There is an old joke that the Jewish fall holidays are always early or late, never on time. Sometimes they begin early in September, sometimes late. Almost every year is different from the last. That’s because the Jewish year follows a complicated solar-lunar calendar that is not in sync with the Gregorian calendar.

But in truth, the Jewish calendar is a remarkably well-organized system that we can use as a tool for our own spiritual development, if we pay attention to the ebb and flow of the months and the holidays they contain.

Tonight (August 10, 2019 on the Gregorian calendar) is Tisha B’Av. The name is also the date – the 9th day of the month of Av (if this confuses you, think of July 4th).

It is considered the lowest point of the Jewish year, a day of communal mourning. It commemorates the destructions of the Temples in Jerusalem, as well as other tragedies throughout the millennia. Most recently, the Nazis timed their “great campaign” of deportation of Jews from the Warsaw Ghetto to the Treblinka death camp on this date.

From this moment, when we remember the worst times in our communal history, we mark exactly seven weeks to Rosh Hashanah, the beginning of the observance of the new year, new beginnings, new opportunities. We will toss our sins into the water to wash away, leaving us cleansed and ready for the promise of a new year.

This seven week time span is no accident. It is an echo of the seven weeks between Passover and Shavuot. That too marks our community going from the lowest point, from slavery in Egypt, to the highest point, when God revealed God’s Self at Mount Sinai and gave us the Ten Commandments.

It is traditional between Passover and Shavuot to count the days, using each day as an opportunity for introspection and spiritual growth. The same can be true of the seven weeks leading up to Rosh Hashanah. We can take a moment each day to reflect on the year that has passed and the year to come, on our hopes and dreams for ourselves, our families, our communities, and the world around us.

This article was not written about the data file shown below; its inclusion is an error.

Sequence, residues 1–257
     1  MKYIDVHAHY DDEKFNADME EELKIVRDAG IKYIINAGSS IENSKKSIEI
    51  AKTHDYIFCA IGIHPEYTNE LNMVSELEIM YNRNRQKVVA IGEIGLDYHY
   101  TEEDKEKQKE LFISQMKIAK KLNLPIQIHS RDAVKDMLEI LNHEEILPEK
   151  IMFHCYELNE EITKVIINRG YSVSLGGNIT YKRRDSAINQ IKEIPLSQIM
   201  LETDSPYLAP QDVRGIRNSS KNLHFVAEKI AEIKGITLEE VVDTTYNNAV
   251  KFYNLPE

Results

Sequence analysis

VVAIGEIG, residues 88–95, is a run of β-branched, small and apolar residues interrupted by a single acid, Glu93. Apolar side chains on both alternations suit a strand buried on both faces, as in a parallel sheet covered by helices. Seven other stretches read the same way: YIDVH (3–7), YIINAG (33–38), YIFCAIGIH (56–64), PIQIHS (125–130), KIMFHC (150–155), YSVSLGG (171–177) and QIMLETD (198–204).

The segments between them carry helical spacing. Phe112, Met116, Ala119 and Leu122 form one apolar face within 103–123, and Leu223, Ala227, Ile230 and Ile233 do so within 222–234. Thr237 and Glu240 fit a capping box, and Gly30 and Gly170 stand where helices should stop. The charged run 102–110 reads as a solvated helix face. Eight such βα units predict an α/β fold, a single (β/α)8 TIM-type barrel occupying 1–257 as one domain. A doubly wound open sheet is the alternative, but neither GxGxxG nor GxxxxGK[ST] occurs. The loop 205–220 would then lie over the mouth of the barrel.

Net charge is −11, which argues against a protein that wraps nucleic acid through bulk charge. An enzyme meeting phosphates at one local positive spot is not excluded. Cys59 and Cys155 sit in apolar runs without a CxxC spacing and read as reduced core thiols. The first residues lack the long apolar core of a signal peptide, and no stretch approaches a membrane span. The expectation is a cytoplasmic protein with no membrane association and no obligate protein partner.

What do you want to leave behind after the year has ended? Unhappiness, fear, disappointment, self-doubt – all of these can be gently discarded, without self-recrimination, without anger, but with kindness toward ourselves.

What attributes do you want to take into the new year? Strength, humor, love, determination, kindness – these are attributes we can cultivate within, reaching out to others for support, reaching into ourselves with full knowledge that we are capable of both great depths and great heights.

Tisha B’Av is here, and today we can mourn all that has been lost, all the pain and suffering of the world around us both yesterday and today. Tonight we will chant Lamentations by candle light. Many Jews will fast until tomorrow evening, sitting on the floor or low chairs, lingering in the day-long mourning period.

But on Monday the mourning will end, and it is incumbent upon us to get up, and begin anew.

Tisha BAv